“When you parent, it’s crucial you realize you aren’t raising a “mini me,” but a spirit throbbing with its own signature. For this reason, it’s important to separate who you are from who each of your children is. Children aren’t ours to possess or own in any way. When we know this in the depths of our soul, we tailor our raising of them to their needs, rather than molding them to fit our needs.”
― Shefali Tsabary, The Conscious Parent
I have to preface this whole situation by saying that I get enough homework by proxy through my daughters’ first grade experience to rival graduate school. Nope, can’t work on that writing to finish my thesis; I have to make sure that I’ve quizzed my kids on their mandatory “free” reading (which they would do anyway, but I wouldn’t have to quiz them AND they’re like three grade levels ahead- ENJOY READING, DAMMIT!), made sure they’ve done a bunch of spelling exercises, and some math sheets. They’re in first grade. Fine, it’s fine.
Seriously, though, if I was relaxing, reading a book (Ha! Like that would ever happen for fun- such a frivolous waste of time literacy is) and my husband abruptly came up to me and started demanding random-y plot points from the chapter, I’d be forced to…oh wait, my kids do that. Minus plot point inquiry. Which is why I don’t read. Except when I can sneak it. Like the bad habit that it is.
THUS ENDETH THE PROLOGUE
After school today, I helped my daughter, Baby A, begin this project for school, which admittedly is a little extra something and not really mandatory. However, in the spirit of exposing her to a fun little project with a little competition thrown in, I figured why not. So, it’s a diorama. You remember these things, right?
Actually, this is sort of a kick ass one, cooler than anything I remember ever doing. But you get the picture, right? Standard issue shoe box with the top arranged as the floor/ kickstand for the whole piece. That box top is KEY as it provides essential extra square footage that can be reappropriated and exploited by the likes of Love it or List It. In fact, this is an EXCELLENT example of our task, since in celebration of the spring season (I can’t say Easter because it’s a public school- or can I? I have no idea, but either way, we all know what the candy’s for) the kiddos are invited to make a story diorama of any book, tale, keynote speech—whatever– and (age appropriately) use Peeps. No monsters or mutilation, y’all. The flier did say “no monsters”; “y’all” is flavor.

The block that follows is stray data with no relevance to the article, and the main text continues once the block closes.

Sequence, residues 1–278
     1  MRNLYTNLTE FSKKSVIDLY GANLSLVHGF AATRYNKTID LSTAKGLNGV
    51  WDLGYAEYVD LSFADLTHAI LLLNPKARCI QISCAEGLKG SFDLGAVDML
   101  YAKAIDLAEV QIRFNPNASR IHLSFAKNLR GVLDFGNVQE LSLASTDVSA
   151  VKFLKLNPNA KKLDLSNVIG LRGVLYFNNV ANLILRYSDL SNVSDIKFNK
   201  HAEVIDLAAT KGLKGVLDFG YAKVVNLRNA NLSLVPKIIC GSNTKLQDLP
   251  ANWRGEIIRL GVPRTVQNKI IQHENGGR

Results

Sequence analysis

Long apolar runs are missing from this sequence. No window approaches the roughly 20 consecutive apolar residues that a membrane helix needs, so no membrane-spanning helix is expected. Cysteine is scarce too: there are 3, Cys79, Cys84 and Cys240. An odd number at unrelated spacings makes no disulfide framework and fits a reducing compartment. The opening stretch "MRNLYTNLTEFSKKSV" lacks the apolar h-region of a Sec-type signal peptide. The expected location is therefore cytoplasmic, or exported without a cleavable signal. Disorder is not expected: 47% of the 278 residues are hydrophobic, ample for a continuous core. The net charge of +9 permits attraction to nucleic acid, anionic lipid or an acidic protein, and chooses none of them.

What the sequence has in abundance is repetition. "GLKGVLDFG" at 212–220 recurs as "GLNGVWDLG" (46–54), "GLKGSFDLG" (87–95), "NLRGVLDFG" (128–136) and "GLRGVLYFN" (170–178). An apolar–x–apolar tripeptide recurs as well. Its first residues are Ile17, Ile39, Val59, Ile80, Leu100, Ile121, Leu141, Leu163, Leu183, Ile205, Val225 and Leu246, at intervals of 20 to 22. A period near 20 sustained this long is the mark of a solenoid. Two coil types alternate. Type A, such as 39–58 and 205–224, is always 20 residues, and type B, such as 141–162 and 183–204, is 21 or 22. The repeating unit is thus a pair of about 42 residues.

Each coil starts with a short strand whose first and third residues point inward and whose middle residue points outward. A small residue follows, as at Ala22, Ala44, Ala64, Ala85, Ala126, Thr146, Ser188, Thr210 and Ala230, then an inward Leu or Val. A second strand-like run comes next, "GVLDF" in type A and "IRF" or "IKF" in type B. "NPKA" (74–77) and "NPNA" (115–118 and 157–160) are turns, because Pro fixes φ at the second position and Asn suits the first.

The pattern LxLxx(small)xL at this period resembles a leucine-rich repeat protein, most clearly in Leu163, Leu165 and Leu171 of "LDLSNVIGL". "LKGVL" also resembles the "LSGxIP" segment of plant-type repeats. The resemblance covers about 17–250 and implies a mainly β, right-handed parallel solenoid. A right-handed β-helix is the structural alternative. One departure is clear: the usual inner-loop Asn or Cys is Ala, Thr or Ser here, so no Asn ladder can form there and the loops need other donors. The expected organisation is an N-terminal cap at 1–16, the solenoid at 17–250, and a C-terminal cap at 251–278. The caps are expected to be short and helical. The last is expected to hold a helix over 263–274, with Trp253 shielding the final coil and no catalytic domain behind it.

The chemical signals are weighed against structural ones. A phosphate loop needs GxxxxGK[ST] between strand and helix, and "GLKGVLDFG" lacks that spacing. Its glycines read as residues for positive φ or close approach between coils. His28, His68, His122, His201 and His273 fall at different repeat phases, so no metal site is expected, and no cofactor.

So I set up the play room with the craft table as she decides she wants to start by painting the exterior of the box. That’s cool, although the one thing I hate about our bonus/ playroom is that there’s carpet in there and I have control issues (working on it!), what with the paint and the carpet. But whatever, it’s washable, which is more than I can say for the paint we used yesterday. (Yep- and it’s a new house with carpeting about 6 weeks old, so let’s just say the shine is off the proverbial apple). Now my other daughter, Baby B, wants to get involved and I’m kind of excited, you see, because this daughter has been whining, “I don’t want to enter any contest” and now, she’s at least going to engage in the gateway behavior that leads up to a bona fide entry into said competition so OK, sure, I say, totally casual-like. While I’m feeling jazzed about luring my daughter into a competitive opportunity, my daughter’s saying, “Just for fun, Momma. I’m just doing this for fun.”
Sure you are, I think. Sure you are. Because to me, you see, competing is fun. Winning is fun. Ergo, this activity is fun IF YOU ARE COMPETING.
Now before anyone starts thinking, “Damn, Tiger Mama, down gurl,” understand this is the child for whom dressing in the morning is a task for which she finds herself “Toooooooooo tiiiiiiiiiirrrrrrred.” So a little entry into a diorama contest in the school library is pretty low stakes way to encourage her to try something new. She might learn she’s good at it, I explain to her, although if she doesn’t ever “play the game” she’ll never have the opportunity to know what she’s capable of.
At six, my daughter feigns little interest. She is resolved.
And so they have some fun. Baby A has already picked out her story, and I am trying to help her figure out how to depict it within the dioramic medium using some gummy Lifesavers, marshmallows, Peeps, and jelly beans (both tart and sweet). I look around for more Crafty MacGyver type things, and come up short handed, although I have a ton of ribbon, a stack of colored construction paper, some clothes pins, and popsicle sticks. I also have random fluff.